A quick reminder might be useful here; the ELO ranking system was designed, from the start, to be able to estimate the probability of the outcome of a game between two players, and in this system estimating the outcome and ranking players is intimately linked as they both depend on each other: points are added (respectively subtracted) when you defeat a player who has a better ranking (respectively when you lose against a player with a lesser ranking), and the rankings are used to estimate the expected outcome of a game. There is no such relationship for intrinsic indicators. One advantage of the intrinsic predictors is that, as soon as they have been computed, they enable to compare any players even if they belong to completely different periods. They are only based on the conformance of moves (the “quality of play” is intrinsic to a player) and are thus completely independent of the possible “drifting through years” problem of the ELO indicator.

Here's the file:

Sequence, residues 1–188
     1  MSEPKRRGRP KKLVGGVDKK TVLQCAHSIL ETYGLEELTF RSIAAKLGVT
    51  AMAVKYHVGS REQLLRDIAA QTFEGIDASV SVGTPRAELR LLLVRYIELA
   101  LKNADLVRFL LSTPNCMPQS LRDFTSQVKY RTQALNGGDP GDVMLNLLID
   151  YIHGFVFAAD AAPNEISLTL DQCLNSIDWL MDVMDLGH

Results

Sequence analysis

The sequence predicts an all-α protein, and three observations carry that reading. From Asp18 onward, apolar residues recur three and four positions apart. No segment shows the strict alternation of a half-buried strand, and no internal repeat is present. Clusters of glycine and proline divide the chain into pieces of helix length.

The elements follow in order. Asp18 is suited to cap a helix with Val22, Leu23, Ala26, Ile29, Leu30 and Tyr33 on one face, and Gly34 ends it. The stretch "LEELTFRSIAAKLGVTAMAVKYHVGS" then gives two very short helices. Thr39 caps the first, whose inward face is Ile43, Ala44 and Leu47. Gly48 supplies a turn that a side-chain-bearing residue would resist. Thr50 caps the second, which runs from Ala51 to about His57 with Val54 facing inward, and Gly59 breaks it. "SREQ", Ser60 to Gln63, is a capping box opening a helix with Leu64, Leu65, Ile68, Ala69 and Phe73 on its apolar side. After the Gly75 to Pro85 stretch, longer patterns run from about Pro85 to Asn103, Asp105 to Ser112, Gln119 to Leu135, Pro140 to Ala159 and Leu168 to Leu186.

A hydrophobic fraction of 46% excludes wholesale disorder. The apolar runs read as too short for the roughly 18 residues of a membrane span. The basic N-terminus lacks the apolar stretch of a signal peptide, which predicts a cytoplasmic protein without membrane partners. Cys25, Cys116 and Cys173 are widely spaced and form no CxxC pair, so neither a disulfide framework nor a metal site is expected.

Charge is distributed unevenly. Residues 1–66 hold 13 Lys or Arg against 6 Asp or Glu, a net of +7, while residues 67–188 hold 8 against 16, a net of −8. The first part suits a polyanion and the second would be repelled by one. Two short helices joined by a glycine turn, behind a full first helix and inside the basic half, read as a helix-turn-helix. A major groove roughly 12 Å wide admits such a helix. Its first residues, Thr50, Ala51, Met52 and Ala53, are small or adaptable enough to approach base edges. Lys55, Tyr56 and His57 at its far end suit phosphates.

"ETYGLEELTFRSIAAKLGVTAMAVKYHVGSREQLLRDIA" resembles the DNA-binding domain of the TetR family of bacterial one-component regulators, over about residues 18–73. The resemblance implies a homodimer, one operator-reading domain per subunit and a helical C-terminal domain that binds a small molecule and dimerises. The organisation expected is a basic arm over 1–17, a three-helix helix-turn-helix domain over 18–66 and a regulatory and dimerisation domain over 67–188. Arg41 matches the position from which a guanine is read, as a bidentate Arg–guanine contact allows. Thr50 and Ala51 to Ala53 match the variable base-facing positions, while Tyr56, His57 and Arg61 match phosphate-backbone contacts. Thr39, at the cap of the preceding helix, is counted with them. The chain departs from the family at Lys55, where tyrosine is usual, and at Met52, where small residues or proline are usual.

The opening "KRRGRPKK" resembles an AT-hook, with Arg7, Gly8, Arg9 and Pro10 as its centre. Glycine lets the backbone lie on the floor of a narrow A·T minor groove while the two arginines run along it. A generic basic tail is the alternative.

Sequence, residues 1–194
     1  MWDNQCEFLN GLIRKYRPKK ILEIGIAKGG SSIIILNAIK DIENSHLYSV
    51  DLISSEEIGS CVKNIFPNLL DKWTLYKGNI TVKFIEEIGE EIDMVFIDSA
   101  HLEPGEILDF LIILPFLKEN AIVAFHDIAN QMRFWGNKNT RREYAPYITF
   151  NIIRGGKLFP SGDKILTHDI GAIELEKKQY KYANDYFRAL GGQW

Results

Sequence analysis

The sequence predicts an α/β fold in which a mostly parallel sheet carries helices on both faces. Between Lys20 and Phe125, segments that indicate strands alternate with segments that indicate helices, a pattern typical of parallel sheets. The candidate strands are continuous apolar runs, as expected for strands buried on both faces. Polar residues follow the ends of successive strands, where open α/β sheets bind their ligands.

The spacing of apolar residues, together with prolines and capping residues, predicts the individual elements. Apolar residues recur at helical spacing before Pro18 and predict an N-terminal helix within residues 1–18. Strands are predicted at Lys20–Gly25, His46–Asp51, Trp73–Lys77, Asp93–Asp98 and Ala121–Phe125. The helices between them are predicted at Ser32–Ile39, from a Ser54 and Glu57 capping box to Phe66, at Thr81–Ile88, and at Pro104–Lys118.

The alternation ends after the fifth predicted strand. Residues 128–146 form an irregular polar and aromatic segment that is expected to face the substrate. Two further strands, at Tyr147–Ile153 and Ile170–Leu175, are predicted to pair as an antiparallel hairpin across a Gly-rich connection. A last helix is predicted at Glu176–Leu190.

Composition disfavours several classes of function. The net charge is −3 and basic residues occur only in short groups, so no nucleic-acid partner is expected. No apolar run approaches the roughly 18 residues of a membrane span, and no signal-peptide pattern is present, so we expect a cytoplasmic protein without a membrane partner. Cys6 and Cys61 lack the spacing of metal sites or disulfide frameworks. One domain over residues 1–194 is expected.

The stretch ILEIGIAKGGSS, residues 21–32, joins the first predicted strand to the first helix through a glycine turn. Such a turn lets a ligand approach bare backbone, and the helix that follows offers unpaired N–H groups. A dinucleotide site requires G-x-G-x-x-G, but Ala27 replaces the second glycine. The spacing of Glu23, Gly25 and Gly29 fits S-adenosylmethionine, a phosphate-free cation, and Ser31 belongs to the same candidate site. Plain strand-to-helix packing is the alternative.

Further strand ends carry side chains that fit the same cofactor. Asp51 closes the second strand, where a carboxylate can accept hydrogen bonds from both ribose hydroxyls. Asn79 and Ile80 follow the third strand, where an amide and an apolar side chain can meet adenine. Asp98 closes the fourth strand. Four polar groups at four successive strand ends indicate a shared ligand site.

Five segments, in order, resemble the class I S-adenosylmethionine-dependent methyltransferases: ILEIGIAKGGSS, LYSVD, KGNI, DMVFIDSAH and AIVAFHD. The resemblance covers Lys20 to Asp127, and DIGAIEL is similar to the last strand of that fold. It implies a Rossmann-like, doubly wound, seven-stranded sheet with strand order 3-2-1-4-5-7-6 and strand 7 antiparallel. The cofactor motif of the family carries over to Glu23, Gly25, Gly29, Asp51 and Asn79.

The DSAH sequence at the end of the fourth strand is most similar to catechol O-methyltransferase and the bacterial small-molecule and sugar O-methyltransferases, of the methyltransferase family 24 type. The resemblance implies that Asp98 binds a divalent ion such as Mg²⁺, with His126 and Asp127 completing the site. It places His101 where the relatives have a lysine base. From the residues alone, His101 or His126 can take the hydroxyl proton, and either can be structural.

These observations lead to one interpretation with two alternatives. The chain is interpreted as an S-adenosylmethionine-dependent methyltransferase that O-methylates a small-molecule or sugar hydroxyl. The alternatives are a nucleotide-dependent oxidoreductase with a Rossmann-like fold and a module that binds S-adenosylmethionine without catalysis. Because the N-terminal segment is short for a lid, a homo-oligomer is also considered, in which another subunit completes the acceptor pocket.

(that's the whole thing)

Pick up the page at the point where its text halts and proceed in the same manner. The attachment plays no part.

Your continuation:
I present in Table 4 the correlations between the magnitude of the error made by the player with the following indicators.
The correlations were computed using Pearson’s ρ^{20}.
These indicators were computed for all the moves played by each World Champion, and were also aggregated for all moves played by all World Chess Champions (the Champs line). They were also computed for all the moves of all the games present in the database (the All line). The Others line is the complement of the All line and the Champs line (i.e., all moves present in the database played by players who were not World Champions).